Paradise Found?: The Disruption and Diversification of Funding in Higher Education

Paradise Found?: The Disruption and Diversification of Funding in Higher Education

Edward Lehner (Bronx Community College, USA) and John R. Ziegler (Bronx Community College, USA)
DOI: 10.4018/978-1-5225-9257-0.ch007

Abstract

This chapter conceptualizes a process for cryptocurrency to diversify traditional methods of higher education funding in the United States. Cryptocurrency funding augments traditional revenue streams and shifts the discussion of education costs from expenses to a more robust conversation about innovative avenues to wealth generation as a potential solution to fund the mission of American higher education. This chapter acknowledges the central concerns of higher education funding as it explores these arguments as legacy discourses rooted in career preparation, accessibility and affordability, and arguments about the need for a broad-based education vs. more technical skills training. Further, an alternative model to current higher education funding models is presented, and if deployed, this asset class could help to serve education needs by funding research, students, and the academy through an illustrated conceptual framework for funding.
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Higher Education As A Human Right And Its Alignment With Career Outcomes

Viewing higher education as a human right does not mean that it cannot simultaneously benefit the nation and the individual. While Keller (2006), for instance, who examined an international sample of countries, concluded that lower levels of education should be financially prioritized, she also avowed, “College enrollment rates and expenditures thereon are important to political rights” (p. 32). Further, McMahon and Oketch (2013), examining citizens of the United Kingdom, quantified higher education’s effects on individuals’ life opportunities, arguing that higher education is a type of inalienable right and therefore must be accessible and affordable if industry is to access a pool of qualified and well-trained applicants. Similarly, McMahon (2009) maintained that a generous higher education funding policy directly correlates with the public good and a modern human capital approach, an approach through which he argued for considering and valuing not only the market but also the nonmarket benefits of higher education. McMahon (2009) reminded us that higher education confers advantages beyond the economic, which can affect the welfare of households and communities, including of future generations.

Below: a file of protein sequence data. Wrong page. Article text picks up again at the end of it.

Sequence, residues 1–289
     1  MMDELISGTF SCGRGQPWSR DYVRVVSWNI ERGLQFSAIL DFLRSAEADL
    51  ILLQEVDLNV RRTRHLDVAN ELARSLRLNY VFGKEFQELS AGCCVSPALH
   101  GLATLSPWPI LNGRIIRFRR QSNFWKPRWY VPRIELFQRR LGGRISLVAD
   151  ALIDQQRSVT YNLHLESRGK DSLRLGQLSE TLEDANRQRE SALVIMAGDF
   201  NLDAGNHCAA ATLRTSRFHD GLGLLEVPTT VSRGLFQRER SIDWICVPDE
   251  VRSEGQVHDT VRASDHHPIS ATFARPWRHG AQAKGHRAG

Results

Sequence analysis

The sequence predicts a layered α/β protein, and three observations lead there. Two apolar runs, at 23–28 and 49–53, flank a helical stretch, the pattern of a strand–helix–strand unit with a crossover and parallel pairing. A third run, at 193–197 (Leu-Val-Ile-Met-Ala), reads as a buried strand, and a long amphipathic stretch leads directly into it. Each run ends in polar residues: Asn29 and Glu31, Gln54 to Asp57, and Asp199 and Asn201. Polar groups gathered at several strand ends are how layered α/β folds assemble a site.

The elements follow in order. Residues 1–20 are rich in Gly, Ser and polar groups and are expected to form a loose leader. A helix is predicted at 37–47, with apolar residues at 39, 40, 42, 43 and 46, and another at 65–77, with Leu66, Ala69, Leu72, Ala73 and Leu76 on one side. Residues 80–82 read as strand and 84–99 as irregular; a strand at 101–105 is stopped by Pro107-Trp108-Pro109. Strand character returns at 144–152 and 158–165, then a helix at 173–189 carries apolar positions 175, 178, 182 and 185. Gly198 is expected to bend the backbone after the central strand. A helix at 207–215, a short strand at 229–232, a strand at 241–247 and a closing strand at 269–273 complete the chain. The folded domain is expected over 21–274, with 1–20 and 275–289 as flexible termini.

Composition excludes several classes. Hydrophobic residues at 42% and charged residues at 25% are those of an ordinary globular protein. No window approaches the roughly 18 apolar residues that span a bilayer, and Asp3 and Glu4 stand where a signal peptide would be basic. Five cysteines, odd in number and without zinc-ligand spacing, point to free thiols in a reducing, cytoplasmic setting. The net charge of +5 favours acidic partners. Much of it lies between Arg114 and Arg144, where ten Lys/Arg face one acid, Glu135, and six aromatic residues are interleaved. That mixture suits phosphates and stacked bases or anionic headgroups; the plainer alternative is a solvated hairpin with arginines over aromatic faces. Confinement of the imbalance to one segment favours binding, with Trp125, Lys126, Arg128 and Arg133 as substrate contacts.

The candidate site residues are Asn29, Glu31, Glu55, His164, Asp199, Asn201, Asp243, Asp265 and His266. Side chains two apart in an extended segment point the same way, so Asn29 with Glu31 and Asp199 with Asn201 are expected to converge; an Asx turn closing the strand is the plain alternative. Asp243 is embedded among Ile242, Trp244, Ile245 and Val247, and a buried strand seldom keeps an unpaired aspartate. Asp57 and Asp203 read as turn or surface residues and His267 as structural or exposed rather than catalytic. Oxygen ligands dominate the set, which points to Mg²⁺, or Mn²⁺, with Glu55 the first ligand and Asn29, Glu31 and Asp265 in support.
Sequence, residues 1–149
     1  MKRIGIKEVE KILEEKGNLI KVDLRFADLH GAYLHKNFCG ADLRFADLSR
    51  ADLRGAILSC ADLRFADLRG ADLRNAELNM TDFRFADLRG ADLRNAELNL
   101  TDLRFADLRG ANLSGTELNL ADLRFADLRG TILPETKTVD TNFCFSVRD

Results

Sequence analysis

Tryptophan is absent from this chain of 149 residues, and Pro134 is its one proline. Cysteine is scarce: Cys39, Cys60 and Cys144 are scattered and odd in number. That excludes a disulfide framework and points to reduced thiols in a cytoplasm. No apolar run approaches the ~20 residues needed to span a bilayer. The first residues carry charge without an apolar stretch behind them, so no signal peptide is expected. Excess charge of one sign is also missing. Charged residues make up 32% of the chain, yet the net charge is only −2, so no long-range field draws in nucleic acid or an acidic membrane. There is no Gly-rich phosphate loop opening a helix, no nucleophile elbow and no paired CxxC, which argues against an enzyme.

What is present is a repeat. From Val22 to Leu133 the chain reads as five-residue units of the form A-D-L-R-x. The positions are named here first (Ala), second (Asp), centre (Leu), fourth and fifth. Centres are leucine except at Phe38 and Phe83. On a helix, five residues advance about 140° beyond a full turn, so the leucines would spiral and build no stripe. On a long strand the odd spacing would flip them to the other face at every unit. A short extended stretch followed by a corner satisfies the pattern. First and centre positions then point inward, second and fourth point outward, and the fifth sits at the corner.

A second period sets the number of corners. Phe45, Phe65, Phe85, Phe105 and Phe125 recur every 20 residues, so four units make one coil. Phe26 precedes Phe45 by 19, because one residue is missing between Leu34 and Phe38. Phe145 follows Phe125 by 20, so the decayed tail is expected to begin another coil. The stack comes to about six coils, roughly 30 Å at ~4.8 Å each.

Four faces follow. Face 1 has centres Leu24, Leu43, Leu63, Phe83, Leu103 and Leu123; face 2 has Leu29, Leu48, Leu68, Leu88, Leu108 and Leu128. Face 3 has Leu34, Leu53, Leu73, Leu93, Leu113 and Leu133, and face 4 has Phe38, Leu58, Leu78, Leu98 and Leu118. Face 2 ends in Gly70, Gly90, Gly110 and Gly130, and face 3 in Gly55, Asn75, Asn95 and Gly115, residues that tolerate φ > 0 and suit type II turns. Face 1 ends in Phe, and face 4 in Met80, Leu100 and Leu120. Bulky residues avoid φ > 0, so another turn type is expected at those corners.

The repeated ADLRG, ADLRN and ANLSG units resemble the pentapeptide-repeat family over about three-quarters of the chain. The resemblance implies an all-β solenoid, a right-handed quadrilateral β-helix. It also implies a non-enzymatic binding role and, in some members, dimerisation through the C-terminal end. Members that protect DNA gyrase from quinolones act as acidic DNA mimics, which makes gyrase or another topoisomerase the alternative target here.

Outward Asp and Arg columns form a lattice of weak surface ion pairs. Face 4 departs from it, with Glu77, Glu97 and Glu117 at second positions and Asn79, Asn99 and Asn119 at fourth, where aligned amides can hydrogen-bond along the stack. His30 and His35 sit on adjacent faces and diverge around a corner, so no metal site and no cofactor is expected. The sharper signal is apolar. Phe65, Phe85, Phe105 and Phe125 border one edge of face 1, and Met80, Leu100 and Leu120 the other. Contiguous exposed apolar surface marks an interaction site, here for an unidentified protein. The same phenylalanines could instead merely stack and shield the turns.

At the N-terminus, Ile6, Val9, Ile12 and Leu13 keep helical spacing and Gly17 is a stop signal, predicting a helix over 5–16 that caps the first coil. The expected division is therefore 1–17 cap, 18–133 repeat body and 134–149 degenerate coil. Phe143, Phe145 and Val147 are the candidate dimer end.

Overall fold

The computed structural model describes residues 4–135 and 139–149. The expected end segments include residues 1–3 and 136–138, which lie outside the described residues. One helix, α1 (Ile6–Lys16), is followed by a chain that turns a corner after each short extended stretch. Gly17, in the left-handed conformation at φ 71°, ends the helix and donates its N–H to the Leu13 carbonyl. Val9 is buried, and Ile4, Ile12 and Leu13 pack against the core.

Existing scholarship that examines human capital theory and its relationship to the economic growth of the nation state notes that in the U.S., citizens’ well-being, as well as the well-being of the nation state itself, is highly interconnected with the state’s investment in human capital (Clemes, Hu, & Li, 2016; McMahon, 2009; Neher, Patterson, Duffield, & Harvey, 2017). However, Jemielniak and Greenwood (2015) highlighted a growing neoliberal cast to social and economic policy related to higher education, policy which tends to underfund important projects for development of human capital in disadvantaged classes. For example, The Pew Charitable Trusts (2015) observed that since the Great Recession, federal funding for higher education continues to decline, placing a growing financial burden on the states and ultimately, on individual students and families. Leachman, Masterson, and Wallace (2016) reported that these increasing burdens and the concomitant decline in funding are now fixtures of the reality facing higher education leadership, and the almost certain persistence of these conditions is underscored by the fact that after nearly a decade of economic growth, educational funding has yet to reach even pre-recession levels.

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